We start with a prime number. Now, we append one of the digits $1,3,7,9$ to get another prime. We continue until it is not possible anymore to append a digit without getting a composite number.

Can we generate arbitary long prime-number sequences this way by choosing a suitable start-prime and suitable digits ?


The truncatable primes have a property stronger than the property I demand. For example, $$\color\red {409} \color\green {9339193933}$$ is not a truncatable prime because $40$ (and also $4$) is not prime, but my condition is satisfied because the start prime is arbitary and beginning with $409$ if we append the green digits we have a prime in each step. Appending another digit makes the number composite, so we cannot continue.

I think a similar argument that there are only finite many truncatable prime will show that we can append only finite many digits , no matter what the starting prime is and which digits we choose.

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    $\begingroup$ Can we append the next digit on the left or right ? Or are you just asking if there are arbitarily large primes whose decimal representation only contain these digits ? $\endgroup$ – Donald Splutterwit Sep 28 '17 at 23:16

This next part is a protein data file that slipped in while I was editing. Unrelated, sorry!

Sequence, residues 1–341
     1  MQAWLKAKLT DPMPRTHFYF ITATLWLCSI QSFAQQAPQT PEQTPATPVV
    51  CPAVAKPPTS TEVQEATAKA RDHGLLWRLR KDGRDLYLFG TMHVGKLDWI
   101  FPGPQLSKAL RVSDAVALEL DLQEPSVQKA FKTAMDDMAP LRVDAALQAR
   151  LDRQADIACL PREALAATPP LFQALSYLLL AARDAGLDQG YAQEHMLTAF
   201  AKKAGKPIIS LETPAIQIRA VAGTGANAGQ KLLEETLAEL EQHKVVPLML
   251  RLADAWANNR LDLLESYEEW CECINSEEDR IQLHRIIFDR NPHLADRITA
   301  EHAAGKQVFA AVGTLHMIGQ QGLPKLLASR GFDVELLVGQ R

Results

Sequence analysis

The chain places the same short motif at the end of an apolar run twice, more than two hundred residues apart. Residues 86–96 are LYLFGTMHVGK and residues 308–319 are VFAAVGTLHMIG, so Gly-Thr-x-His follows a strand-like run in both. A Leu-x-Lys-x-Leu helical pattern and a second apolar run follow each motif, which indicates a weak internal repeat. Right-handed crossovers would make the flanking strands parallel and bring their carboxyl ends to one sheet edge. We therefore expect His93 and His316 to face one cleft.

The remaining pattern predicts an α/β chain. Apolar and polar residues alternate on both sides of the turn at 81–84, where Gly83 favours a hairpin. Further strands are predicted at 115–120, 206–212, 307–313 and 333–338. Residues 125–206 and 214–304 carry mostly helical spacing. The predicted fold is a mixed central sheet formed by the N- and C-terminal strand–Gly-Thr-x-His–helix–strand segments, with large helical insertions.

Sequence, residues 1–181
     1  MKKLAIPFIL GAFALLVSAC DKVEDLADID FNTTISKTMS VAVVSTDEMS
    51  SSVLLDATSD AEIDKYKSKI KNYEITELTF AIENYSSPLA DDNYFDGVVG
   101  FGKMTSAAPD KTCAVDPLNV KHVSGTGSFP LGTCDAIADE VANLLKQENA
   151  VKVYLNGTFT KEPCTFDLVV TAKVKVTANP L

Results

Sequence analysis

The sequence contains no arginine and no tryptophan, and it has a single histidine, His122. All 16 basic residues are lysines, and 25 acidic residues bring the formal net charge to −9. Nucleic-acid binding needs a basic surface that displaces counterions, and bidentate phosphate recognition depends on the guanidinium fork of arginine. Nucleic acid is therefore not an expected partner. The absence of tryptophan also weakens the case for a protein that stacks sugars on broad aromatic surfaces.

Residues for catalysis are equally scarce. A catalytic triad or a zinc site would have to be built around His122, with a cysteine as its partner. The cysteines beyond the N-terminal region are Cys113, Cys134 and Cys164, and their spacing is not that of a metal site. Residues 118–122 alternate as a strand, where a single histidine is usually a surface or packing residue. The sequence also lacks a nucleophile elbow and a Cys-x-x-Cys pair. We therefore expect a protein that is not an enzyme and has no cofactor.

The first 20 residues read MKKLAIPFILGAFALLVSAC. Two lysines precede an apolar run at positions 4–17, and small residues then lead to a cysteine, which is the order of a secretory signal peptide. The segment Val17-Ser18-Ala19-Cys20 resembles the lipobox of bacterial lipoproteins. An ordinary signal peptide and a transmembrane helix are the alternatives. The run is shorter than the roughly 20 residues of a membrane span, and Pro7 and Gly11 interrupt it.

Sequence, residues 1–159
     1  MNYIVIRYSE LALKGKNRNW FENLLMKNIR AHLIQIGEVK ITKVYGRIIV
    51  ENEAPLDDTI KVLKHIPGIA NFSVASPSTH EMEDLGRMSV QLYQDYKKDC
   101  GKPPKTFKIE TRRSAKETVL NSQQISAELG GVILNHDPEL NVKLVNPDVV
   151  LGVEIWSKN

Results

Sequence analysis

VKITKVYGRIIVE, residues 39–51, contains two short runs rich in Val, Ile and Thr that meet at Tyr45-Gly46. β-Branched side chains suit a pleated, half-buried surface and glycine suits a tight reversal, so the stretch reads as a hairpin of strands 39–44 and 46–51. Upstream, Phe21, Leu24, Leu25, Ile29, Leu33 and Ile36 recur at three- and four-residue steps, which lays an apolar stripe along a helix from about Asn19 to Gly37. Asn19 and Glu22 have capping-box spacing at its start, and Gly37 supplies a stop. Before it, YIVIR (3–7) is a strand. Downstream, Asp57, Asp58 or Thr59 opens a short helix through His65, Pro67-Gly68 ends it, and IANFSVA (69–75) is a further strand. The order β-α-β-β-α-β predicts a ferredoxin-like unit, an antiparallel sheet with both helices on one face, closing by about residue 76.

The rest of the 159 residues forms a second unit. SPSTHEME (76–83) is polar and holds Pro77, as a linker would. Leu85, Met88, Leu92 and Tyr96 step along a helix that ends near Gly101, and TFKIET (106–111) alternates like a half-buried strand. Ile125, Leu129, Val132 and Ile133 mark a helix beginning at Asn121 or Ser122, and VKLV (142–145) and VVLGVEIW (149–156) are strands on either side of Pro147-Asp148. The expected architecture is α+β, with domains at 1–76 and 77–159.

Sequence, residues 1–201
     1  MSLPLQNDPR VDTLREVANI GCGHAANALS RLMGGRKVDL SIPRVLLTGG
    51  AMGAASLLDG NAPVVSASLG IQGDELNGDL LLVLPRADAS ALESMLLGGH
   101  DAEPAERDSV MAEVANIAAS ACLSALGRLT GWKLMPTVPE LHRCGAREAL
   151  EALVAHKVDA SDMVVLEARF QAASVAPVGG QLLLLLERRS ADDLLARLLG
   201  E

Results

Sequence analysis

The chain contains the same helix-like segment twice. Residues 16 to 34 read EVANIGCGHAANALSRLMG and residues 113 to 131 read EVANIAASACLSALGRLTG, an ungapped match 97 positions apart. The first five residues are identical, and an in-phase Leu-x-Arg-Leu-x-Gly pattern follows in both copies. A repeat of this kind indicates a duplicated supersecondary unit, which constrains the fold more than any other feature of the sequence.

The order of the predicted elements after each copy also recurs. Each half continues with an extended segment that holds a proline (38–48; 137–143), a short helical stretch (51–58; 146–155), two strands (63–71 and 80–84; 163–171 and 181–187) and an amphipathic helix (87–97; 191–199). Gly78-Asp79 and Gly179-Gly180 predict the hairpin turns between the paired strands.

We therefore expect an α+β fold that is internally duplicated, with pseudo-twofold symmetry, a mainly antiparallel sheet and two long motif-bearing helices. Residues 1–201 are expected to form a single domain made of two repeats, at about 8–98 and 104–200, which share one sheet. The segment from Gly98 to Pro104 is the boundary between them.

• $\begingroup$ @DonaldSplutterwit Only at the right. For the second question : No $\endgroup$ – Peter Sep 28 '17 at 23:20
  • $\begingroup$ So we can only start with $3$ or $7$ and at each stage after that we have $4$ possible digits we could add ... & so we build a tree of primes? $\endgroup$ – Donald Splutterwit Sep 28 '17 at 23:24
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    $\begingroup$ @DonaldSplutterwit The starting prime is arbitary, it can contain any digits, a start with $23$ is valid. $\endgroup$ – Peter Sep 28 '17 at 23:26
  • $\begingroup$ what remainders do you get when you start dividing by a certain value ? that may help $\endgroup$ – user451844 Sep 28 '17 at 23:33

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